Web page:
Starting a Company? The Incorporation Process and Early Considerations

November 27, 2020

Very early-stage companies are often cash-strapped and aren’t quite sure where to put their resources. And we all know legal fees are very expensive. But failing to prioritize legal spend on legal issues can result in higher costs down the road. Usually, it’s much better to embed legally-sound processes and policies than it is to clean up the aftermath.

 

Considerations When Starting a Company

Areas of a Business Where Getting an Attorney Involved Is Crucial

  • Fundraising 
  • Hiring
  • Equity
  • Intellectual Property.

 

Forming a Separate Legal Entity

A corporate entity essentially acts as a separate legal ‘body’ in which a business exists. It separates the business from you as a person to become its own legal being. This can be valuable in a number of situations. 

First, it protects you from personal liability. In an instance where there’s a claim against the company, the corporate entity is going to protect your personal assets from that legal claim.

Additionally, a corporate entity allows you to put all the value that multiple people in your company bring to the table into just one package. It ensures that intellectual property is properly owned by the company. This is desirable because it’s where a lot of the value comes into the business. It is also something that investors look at when they decide whether to fund your company. Moreover, it prevents awkward discussions (or legal action) arising around the proper assignment of intellectual property.  

Evidently, it’s important to figure out the best entity for your business and get that set up properly.

 

Choosing the Type of Entity for Your Business

Here are some of the common entity structures chosen by those starting a company:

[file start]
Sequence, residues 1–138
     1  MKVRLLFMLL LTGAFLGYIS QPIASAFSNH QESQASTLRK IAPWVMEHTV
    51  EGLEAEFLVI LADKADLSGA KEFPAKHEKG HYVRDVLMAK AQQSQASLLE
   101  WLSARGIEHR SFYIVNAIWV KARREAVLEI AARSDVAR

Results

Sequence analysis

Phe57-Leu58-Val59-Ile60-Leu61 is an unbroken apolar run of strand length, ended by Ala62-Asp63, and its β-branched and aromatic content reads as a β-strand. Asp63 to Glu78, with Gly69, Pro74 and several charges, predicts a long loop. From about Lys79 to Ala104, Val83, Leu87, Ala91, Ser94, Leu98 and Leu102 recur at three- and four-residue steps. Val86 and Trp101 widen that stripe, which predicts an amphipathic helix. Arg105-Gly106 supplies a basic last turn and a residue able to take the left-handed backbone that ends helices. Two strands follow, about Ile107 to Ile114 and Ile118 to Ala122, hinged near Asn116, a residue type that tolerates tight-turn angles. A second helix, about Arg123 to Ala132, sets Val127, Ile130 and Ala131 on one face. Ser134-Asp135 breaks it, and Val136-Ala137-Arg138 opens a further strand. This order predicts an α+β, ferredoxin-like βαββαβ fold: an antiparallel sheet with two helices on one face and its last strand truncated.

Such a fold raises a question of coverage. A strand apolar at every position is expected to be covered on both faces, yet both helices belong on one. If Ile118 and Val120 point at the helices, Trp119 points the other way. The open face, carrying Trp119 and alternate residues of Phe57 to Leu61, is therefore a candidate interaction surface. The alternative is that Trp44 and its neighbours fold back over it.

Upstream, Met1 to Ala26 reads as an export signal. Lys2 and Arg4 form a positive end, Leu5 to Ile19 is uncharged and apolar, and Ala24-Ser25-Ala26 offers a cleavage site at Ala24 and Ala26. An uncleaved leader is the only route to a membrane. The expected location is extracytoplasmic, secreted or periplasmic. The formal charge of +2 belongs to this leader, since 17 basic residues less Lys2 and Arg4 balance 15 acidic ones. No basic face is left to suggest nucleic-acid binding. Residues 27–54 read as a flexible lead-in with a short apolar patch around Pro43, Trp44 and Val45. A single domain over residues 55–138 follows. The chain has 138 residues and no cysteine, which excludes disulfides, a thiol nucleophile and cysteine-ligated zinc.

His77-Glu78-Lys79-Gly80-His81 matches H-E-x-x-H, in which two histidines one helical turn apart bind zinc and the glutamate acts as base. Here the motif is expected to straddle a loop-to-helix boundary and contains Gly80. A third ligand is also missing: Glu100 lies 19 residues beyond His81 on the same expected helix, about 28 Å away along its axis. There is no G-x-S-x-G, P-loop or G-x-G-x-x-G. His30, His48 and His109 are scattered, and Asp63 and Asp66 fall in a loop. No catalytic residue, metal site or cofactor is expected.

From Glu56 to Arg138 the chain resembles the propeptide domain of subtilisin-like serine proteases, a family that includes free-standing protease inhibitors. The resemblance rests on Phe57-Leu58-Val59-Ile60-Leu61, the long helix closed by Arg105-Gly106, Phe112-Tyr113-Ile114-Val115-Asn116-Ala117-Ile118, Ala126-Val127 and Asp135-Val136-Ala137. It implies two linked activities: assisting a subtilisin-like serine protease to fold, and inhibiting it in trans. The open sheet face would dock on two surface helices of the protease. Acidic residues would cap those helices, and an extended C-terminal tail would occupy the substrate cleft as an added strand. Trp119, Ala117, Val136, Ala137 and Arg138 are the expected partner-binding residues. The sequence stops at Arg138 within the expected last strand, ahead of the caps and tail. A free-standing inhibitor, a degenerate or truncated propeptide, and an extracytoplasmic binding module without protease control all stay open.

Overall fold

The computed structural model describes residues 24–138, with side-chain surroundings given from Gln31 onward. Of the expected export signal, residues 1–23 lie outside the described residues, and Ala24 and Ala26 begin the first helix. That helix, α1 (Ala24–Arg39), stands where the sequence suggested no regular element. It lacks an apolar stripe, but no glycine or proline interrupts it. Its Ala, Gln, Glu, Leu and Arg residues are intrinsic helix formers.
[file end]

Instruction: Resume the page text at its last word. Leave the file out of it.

• LLC – This a pass-through entity so you’re only taxed at the member level, not a corporate level.  
  • S Corp – It is a pass-through entity similar to an LLC, so you’re not taxed at both the corporate and the shareholder level (which you are as a corporation).
  • C Corp –  If you’re going to bring in an outside investor and create a preferred series of stock that’s going to blow through your S Corp election, you’re going to automatically become a C Corp.

 

When to Form a Corporation

If you’re considering becoming a corporation at any point, it’s worth investing the time and money to set it up properly at the outset. Converting between an LLC Structure and a Corporation is an expensive undertaking, particularly for mature companies. 

 

Other Things to Consider when Starting a Company

  • Set up a separate bank account for corporate funds. Many people who start their businesses commingle funds from the company into their personal accounts. This can impact your legal rights, so it’s critical that you separate your business and personal finances.
  • Check your company name first to make sure it’s available. Be flexible when it comes to the name of your company. You might have to change it or you might have to add some things to the name in order to make it registerable in the state you’re wanting to incorporate it.

 

Key Takeaway: Spend time thinking about your business future from the outset to limit the issues arising down the line. 

Even meeting with a lawyer for just an hour can provide plenty of insight and direction. It’s going to be money well spent.

To learn more about the other key considerations you need to take when starting a business, check out https://cgl-llp.com/podcasts/cgl003.

 

Disclaimer

The materials available at this website are for informational purposes only and not for the purpose of providing legal advice. You should contact your attorney to obtain advice with respect to any particular issue or problem. Use of and access to this website or any of the e-mail links contained within the site do not create an attorney-client relationship between CGL and the user or browser. The opinions expressed at or through this site are the opinions of the individual author and may not reflect the opinions of the firm or any individual attorney.

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